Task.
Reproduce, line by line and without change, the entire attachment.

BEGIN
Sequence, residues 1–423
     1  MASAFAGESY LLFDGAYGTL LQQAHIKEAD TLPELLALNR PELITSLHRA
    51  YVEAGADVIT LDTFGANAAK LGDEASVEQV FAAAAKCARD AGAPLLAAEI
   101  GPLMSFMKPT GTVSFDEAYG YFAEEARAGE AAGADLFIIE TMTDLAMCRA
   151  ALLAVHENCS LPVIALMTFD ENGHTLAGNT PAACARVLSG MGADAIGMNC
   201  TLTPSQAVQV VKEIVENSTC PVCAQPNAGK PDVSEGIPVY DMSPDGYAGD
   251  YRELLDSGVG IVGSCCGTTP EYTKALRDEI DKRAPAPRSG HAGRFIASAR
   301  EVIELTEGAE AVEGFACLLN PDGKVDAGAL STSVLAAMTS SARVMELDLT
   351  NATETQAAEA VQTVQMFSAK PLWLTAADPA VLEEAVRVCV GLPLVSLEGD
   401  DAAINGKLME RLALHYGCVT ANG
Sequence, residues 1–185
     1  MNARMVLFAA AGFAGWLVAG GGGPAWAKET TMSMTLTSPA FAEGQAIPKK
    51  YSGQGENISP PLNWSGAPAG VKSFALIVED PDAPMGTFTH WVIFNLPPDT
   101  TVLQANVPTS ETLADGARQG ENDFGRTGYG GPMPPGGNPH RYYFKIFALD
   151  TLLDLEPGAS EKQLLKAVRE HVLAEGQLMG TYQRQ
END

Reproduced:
Sequence, residues 1–423
     1  MASAFAGESY LLFDGAYGTL LQQAHIKEAD TLPELLALNR PELITSLHRA
    51  YVEAGADVIT LDTFGANAAK LGDEASVEQV FAAAAKCARD AGAPLLAAEI
   101  GPLMSFMKPT GTVSFDEAYG YFAEEARAGE AAGADLFIIE TMTDLAMCRA
   151  ALLAVHENCS LPVIALMTFD ENGHTLAGNT PAACARVLSG MGADAIGMNC
   201  TLTPSQAVQV VKEIVENSTC PVCAQPNAGK PDVSEGIPVY DMSPDGYAGD
   251  YRELLDSGVG IVGSCCGTTP EYTKALRDEI DKRAPAPRSG HAGRFIASAR
   301  EVIELTEGAE AVEGFACLLN PDGKVDAGAL STSVLAAMTS SARVMELDLT
   351  NATETQAAEA VQTVQMFSAK PLWLTAADPA VLEEAVRVCV GLPLVSLEGD
   401  DAAINGKLME RLALHYGCVT ANG
Sequence, residues 1–185
     1  MNARMVLFAA AGFAGWLVAG GGGPAWAKET TMSMTLTSPA FAEGQAIPKK
    51  YSGQGENISP PLNWSGAPAG VKSFALIVED PDAPMGTFTH WVIFNLPPDT
   101  TVLQANVPTS ETLADGARQG ENDFGRTGYG GPMPPGGNPH RYYFKIFALD
   151  TLLDLEPGAS EKQLLKAVRE HVLAEGQLMG TYQRQ